Have you ever had students who didn't listen or pay attention to you? When I was teaching, it was a huge problem. I would ask my students to turn to page 22 in the book, and then I fielded 15 to 20 students asking me, "What page did you say? Where are we supposed to be in the book?" One day, Melissa, one of my students, stopped by my room on her way to lunch. She commented that I looked pretty frustrated. When I replied that I was, she said, "yeah, you were upset with us this morning." I was tired, and wasn't thinking, so I replied, "I was. Your class NEVER listens to me!" She smiled and said, "That's because we know we don't have to. You'll always repeat it if we ask." Wow. Out of the mouths of our students comes wisdom. As I thought about what she said, I realized that by trying to "help" them by repeating instructions, I was actually teaching them not to listen to me.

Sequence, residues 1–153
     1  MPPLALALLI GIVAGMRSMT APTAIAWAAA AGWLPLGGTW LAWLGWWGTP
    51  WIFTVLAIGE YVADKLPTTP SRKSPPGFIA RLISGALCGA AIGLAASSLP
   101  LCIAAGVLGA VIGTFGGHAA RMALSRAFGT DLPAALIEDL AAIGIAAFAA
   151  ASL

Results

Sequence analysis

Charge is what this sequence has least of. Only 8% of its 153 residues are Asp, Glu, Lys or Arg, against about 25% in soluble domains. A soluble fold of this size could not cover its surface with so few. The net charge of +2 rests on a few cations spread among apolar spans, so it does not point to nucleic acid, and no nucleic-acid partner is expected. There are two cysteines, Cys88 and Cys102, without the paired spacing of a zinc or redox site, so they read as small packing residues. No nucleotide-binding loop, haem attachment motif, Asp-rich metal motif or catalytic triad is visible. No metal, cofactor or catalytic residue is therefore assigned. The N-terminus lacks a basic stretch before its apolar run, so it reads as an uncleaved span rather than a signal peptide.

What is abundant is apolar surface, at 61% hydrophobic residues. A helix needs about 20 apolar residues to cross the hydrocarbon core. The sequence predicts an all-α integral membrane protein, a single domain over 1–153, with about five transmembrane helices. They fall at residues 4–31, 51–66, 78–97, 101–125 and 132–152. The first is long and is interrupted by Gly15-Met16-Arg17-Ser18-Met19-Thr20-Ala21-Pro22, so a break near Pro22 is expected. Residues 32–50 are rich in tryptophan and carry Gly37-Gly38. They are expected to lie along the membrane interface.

The next day, I began a new strategy. For any directions, I wrote them on the board, stated them once, and anytime a student asked me again, I simply pointed to the board. It took a few weeks, but they learned that they were expected to listen to me the first time. The directions were always available on the board, so they did not have an excuse to skip whatever we were doing, but I wasn't going to explain basic information over and over again. During the transition, I realized I had been wasting an enormous amount of time answering the same questions over and over again. My instructional time increased about 20% with one simple change in my instruction.